Elder statesmen Henry Kissinger and George Shultz, both former U.S. secretaries of state, have slammed the Obama administration's framework nuclear agreement with Iran.
While Iran treated the mere fact of its willingness to negotiate as a concession, the West has felt compelled to break every deadlock with a new proposal. In the process, the Iranian program has reached a point officially described as being within two to three months of building a nuclear weapon. Under the proposed agreement, for 10 years Iran will never be further than one year from a nuclear weapon and, after a decade, will be significantly closer.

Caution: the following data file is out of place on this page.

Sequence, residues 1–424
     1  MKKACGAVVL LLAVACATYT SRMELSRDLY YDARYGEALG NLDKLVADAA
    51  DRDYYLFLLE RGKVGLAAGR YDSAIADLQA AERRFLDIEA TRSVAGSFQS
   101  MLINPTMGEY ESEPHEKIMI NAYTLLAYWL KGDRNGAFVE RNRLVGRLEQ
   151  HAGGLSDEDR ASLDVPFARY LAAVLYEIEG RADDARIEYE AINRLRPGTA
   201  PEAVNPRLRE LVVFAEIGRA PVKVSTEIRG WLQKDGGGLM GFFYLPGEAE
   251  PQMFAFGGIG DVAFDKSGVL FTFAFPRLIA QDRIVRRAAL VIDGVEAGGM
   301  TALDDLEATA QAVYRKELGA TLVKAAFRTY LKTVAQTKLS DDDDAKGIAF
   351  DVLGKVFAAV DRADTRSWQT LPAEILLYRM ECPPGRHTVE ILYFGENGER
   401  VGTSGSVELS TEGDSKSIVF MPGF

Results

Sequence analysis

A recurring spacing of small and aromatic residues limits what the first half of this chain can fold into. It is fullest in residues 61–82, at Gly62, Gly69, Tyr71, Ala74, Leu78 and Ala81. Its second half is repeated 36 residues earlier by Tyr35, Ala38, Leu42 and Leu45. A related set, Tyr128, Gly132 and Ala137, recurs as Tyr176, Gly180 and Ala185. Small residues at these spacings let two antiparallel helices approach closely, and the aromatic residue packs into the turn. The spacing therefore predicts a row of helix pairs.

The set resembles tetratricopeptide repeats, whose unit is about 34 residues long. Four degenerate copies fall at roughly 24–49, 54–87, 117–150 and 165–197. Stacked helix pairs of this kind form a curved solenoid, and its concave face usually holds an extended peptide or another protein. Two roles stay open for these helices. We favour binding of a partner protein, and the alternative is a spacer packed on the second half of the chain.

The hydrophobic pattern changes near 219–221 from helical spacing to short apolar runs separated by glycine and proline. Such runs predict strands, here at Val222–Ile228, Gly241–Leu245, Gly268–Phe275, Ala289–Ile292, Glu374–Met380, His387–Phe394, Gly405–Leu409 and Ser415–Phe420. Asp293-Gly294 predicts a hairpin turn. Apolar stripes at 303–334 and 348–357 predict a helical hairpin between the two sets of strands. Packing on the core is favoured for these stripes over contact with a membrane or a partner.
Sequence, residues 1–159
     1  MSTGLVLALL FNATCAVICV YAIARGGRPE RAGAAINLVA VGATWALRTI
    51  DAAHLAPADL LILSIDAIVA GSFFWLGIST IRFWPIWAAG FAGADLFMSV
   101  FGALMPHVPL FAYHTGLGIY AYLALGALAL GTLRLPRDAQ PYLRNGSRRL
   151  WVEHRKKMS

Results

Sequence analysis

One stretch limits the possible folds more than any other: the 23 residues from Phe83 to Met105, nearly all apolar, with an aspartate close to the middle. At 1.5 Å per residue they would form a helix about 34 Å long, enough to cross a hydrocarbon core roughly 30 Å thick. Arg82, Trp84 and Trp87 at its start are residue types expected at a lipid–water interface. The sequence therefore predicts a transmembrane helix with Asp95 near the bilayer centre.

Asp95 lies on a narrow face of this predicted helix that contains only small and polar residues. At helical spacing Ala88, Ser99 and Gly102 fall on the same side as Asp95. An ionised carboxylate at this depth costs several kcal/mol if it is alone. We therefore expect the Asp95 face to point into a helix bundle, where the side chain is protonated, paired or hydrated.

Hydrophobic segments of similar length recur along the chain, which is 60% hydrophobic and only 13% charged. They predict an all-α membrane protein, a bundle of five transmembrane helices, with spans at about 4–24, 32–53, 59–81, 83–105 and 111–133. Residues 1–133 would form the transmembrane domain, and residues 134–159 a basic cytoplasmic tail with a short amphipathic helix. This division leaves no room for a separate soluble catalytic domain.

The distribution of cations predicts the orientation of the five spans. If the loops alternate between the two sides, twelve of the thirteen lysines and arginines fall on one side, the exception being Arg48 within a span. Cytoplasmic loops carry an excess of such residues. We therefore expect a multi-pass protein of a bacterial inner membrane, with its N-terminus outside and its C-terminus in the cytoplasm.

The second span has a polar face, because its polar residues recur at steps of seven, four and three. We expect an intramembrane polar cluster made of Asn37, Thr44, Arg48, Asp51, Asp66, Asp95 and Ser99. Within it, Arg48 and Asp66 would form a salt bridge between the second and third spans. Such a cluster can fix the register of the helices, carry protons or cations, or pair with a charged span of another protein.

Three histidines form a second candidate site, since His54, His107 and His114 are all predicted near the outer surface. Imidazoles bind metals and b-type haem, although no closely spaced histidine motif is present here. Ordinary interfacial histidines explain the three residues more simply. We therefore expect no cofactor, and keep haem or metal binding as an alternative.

In a large country with multiple facilities and ample experience in nuclear concealment, violations will be inherently difficult to detect. Devising theoretical models of inspection is one thing. Enforcing compliance, week after week, despite competing international crises and domestic distractions, is another.
status as highly respected veteran diplomats. Moreover, they are both seen as "realists," rather than ideologically driven liberals or neoconservatives. President Obama has often defended his approach to Iran as a realist one, making Kissinger and Shultz's criticism particularly biting.